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As far as providing a "rich environment" goes.....get down on the floor & look around, and pretend you're 2. EVERYTHING is fascinating!<br>
Your little one is going to be learning a lot every day, even when running errands or watching you fold laundry. Heck, even flinging laundry out of the basket to see what happens is doing scientific testing! Don't run yourself down by thinking that your everyday routine (or lack of routine) is somehow not enough - life is life, and the best way to learn to live is to do it, not sit in a circle with bunch of age-mates while someone tells you exactly what "we" will be doing & when. That may be life for some.....Dilbert comes to mind......<br>
anyway, you get my drift. I'll shut up now before I say something stupid<img alt="" class="inlineimg" src="http://www.mothering.com/discussions/images/smilies/orngtongue.gif" style="border:0px solid;" title="Stick Out Tongue"><img alt="" class="inlineimg" src="http://www.mothering.com/discussions/images/smilies/orngbiggrin.gif" style="border:0px solid;" title="orange big grin">
 

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Thanks for that, Mehndi Mama...I sometimes worry that I'm doing the same thing with 14 mo DD at home and it's nice to be reminded that doing just about anything is "learning" for her.
 

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Discussion Starter · #13 ·
Milkbarmom - what's Oak Meadow Preschool? Is it a theoretical book or an activities book? I'm going to look on B&N.com........<br><br>
MehndiMama - Yes, thank you for reminding me of that. I just WORRY, you know? In 'theory', I know that he's learning just by living life. But in "practice", I'm thinking, how can he be learning & developing well if we're just laying around snuggling & watching TV & nursing? And not "playing together". I don't know, I feel like I should be playing with him more. I just feel like I'm not doing enough. He does play with his train table a lot (toddler-sized table with train track set up, trains, other vehicles), but I feel like that's the only thing I'm providing consistently. We read together a little, but not every day. And we don't even play outside every day. Basically, I do 'my' agenda for the day -- errands, some of my WAHM stuff (computer work, internet stuff, typing & printing, phone calls), shopping for groceries, going here and there.<br><br>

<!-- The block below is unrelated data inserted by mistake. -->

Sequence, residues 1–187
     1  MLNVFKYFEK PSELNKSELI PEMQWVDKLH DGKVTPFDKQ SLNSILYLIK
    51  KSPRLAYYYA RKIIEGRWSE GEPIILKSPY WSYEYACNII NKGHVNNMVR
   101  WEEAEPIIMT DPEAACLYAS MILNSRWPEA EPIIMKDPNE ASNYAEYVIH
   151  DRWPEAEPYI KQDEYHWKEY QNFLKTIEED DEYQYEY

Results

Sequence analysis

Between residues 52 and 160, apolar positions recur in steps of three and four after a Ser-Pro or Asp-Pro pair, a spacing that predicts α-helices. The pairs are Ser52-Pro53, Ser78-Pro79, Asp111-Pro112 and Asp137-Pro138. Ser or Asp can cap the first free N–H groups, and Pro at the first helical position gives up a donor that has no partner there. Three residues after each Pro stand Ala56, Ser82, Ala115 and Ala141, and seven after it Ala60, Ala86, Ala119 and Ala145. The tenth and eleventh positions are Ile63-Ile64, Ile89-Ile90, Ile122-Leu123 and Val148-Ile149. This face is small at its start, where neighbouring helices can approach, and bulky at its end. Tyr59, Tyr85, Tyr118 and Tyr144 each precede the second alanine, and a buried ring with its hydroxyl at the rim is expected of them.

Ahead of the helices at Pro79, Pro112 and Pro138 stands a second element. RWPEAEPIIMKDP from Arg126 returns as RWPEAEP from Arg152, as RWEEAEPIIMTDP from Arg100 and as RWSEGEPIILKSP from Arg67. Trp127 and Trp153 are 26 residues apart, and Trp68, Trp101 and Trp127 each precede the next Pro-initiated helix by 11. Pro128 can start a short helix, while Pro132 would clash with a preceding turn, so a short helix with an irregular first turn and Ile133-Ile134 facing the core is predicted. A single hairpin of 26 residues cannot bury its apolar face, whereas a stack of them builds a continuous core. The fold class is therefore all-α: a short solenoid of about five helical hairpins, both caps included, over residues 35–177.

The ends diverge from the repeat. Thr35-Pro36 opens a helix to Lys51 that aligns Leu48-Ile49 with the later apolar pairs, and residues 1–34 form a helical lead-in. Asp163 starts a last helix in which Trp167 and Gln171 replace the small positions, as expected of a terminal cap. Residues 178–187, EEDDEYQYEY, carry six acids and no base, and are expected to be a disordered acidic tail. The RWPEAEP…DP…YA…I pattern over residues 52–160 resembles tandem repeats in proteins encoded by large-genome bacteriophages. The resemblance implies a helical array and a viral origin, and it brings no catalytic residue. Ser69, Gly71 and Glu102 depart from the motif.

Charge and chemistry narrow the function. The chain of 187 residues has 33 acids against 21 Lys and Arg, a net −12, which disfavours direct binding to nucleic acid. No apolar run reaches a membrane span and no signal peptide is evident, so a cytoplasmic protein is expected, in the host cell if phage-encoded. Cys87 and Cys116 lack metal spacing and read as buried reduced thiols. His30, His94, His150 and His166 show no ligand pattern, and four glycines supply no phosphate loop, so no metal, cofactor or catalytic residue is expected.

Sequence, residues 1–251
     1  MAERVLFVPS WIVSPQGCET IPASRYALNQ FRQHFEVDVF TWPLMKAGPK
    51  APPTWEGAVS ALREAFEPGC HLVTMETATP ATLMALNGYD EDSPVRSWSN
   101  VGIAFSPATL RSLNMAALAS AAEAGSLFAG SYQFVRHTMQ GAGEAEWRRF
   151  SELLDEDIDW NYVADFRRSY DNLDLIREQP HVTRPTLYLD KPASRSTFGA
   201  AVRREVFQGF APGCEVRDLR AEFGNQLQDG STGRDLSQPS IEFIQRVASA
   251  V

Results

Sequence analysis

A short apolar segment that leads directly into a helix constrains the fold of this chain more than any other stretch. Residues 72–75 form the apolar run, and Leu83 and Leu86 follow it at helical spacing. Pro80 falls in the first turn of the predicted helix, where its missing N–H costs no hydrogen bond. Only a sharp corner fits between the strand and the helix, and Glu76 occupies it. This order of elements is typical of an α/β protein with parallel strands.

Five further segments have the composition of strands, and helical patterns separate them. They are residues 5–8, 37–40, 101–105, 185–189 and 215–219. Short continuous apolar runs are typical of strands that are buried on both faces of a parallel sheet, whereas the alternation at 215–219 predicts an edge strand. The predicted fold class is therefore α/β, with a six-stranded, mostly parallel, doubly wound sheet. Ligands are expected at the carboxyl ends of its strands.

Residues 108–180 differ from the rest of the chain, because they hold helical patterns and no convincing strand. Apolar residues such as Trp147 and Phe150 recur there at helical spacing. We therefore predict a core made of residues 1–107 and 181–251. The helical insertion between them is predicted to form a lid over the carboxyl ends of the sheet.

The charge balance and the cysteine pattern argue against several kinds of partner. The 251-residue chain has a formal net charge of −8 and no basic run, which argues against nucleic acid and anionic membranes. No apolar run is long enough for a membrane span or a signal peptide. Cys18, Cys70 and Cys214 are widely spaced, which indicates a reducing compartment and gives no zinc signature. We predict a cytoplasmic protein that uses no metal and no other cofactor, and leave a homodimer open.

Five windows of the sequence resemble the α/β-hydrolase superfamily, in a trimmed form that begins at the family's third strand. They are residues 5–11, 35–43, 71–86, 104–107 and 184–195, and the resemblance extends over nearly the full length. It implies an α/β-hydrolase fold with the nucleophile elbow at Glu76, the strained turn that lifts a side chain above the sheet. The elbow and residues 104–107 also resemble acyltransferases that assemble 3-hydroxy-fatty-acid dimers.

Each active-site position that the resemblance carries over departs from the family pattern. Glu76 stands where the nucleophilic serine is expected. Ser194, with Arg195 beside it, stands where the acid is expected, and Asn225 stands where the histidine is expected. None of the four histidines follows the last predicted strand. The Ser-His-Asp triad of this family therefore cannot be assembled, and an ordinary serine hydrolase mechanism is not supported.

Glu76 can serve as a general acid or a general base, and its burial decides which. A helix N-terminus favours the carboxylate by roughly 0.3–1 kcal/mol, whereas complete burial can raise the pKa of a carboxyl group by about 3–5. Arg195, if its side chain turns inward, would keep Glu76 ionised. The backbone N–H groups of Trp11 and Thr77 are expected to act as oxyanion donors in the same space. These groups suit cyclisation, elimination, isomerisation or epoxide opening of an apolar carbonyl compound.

What I feel like is that I should get the paints out several times per week, and set up an easel for him, and let him paint. Or finger paints, or whatever. And I feel like we should be doing seasonal art projects, like glueing autumn things onto a collage, etc. ..........and I used to sing to the children I used to work with, but I don't sing to my ds. And I feel like I should be cooking with him, and making play dough, and doing lots of that sort of thing.<br><br>
I also feel like I should have the house decorated with seasonal stuff (which I used to do with children i worked with). And I feel like I should be teaching him his colors, numbers, letters, shapes. We are doing some of that, actually. Which he enjoys. But not consistently at all.<br><br>
Anyway, I"m just getting really intimidated by everything I feel that I *should* be doing. To the point that it sort of paralyzes me & I don't end up doing any of it.<br><br>
Has anyone ever experienced this?????? I know I must sound crazy.
 

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AutumnWind: yes that's the address.<br><br>
i feel like i should be doing more stuff with toddler too. a friend of mine goes on and on about how much HER toddler learns in daycare (which she calls "school"<img alt="" class="inlineimg" src="/img/vbsmilies/smilies/rolleyes.gif" style="border:0px solid;" title="rolleyes">: )..... i
 

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<div style="margin:20px;margin-top:5px;">